When Jonathan invited me to write for Personal Anthology my first impulse was to protest that I don’t read short stories. A quick glance at my bookshelves proves this is a bald-faced lie, but an interesting one. Why the resistance?
Thinking about Grace Paley cracked it for me. Paley is one of my chosen ancestors, a writer whose existence makes my own work possible. She is also, of course, famous for her short stories (and hospitable remarks). They are stories I’ve swallowed whole, stories whose ethos, music, and rhythms I’ve fully internalized, extending and revolving them in my mind, misremembering, embroidering, retelling, and living alongside them until, it seems, I no longer think of them as short stories. What are they instead? A world I visit. The sound of my own Jewishness. A guiding myth. Parables. A series of gestures contained in my body. Memories that live alongside all my other memories. (Stories that live alongside all my other stories.)
So here are twelve short stories (including a mini-anthology of Paley stories) that live in that fully internalized space in my head. They are not the only or even the best stories I have read, but an honest attempt* at excavating what stuck with me whether I wanted it to or not. The resulting list reflects the whiteness and boomer-centric bias of my Gen X era American education. I have been reading to disrupt those biases ever since but clearly I have more work to do.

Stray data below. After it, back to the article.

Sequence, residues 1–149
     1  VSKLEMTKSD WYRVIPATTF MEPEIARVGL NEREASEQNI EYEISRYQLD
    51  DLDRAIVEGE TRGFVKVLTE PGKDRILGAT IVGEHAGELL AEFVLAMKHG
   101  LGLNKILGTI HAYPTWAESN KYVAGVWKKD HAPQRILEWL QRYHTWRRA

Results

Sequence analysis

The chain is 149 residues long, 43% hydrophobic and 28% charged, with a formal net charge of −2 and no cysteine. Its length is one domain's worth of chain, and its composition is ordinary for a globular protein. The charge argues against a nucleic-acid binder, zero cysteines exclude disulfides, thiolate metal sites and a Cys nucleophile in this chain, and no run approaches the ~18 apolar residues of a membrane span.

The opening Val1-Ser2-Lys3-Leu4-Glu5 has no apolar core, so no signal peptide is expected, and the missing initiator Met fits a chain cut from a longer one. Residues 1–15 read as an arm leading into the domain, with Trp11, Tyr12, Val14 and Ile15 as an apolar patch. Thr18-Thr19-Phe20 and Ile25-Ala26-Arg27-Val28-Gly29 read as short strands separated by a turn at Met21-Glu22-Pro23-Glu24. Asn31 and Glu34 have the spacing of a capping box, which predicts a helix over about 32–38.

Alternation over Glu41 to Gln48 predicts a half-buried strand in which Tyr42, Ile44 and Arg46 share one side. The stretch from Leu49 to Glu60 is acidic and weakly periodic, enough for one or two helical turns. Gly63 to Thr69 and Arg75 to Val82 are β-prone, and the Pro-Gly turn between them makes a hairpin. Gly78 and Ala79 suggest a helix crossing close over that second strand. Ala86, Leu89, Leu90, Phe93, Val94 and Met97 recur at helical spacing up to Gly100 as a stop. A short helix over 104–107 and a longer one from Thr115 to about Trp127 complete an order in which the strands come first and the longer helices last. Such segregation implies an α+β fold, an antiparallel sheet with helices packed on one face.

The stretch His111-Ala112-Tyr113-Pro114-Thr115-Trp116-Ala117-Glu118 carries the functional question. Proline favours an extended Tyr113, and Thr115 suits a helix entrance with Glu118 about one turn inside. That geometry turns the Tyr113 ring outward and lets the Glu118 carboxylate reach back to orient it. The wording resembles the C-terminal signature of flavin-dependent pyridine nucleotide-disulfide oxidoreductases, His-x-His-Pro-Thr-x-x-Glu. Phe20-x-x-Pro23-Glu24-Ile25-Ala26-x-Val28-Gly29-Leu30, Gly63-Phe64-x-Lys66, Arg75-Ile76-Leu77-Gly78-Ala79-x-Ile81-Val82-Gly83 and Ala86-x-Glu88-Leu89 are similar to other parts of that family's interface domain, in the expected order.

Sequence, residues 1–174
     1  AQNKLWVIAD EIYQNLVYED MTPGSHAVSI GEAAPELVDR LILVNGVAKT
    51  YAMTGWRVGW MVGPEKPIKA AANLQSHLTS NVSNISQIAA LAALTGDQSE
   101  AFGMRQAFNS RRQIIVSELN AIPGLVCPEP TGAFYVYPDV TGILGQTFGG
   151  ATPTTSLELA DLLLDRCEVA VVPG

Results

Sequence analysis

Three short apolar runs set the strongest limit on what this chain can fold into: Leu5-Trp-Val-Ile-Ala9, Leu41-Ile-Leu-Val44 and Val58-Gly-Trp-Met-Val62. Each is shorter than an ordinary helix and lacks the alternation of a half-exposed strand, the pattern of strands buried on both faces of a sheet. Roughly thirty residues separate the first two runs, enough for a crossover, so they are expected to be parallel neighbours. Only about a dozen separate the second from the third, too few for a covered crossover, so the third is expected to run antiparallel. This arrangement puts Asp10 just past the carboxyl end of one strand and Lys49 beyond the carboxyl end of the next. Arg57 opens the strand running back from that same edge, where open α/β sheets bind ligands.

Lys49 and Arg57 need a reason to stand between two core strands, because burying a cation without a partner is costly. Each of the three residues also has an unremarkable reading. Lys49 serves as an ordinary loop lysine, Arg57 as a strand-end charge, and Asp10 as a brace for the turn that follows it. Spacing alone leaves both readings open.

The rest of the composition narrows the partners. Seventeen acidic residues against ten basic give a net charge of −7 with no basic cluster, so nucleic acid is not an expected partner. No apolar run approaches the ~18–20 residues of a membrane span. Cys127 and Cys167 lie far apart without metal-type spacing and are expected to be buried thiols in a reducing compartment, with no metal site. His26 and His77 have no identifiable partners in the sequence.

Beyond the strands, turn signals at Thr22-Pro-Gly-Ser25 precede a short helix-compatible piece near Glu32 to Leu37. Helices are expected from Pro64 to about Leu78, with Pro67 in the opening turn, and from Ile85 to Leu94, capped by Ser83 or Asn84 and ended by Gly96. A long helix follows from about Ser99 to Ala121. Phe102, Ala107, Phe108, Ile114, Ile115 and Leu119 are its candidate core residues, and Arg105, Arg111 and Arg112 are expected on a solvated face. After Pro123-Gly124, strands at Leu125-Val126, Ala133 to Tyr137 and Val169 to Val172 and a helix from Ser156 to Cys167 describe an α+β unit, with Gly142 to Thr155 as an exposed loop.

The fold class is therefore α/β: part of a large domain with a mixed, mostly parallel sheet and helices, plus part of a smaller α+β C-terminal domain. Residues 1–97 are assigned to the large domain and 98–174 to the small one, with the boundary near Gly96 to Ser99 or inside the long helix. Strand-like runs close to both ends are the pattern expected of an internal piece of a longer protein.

*With one exception: I’m sorry, I just cannot include Amy Hempel’s ‘In the Cemetery Where Al Jolson is Buried.’ Due to its inescapable presence in the late 1980s, it will be in my head for the rest of my days, and you know what? In spite of its brilliance and my sense that it is an ur-text for many other grief books including Maggie Nelson’s Bluets, I am sick of having it there. Begone sad primate.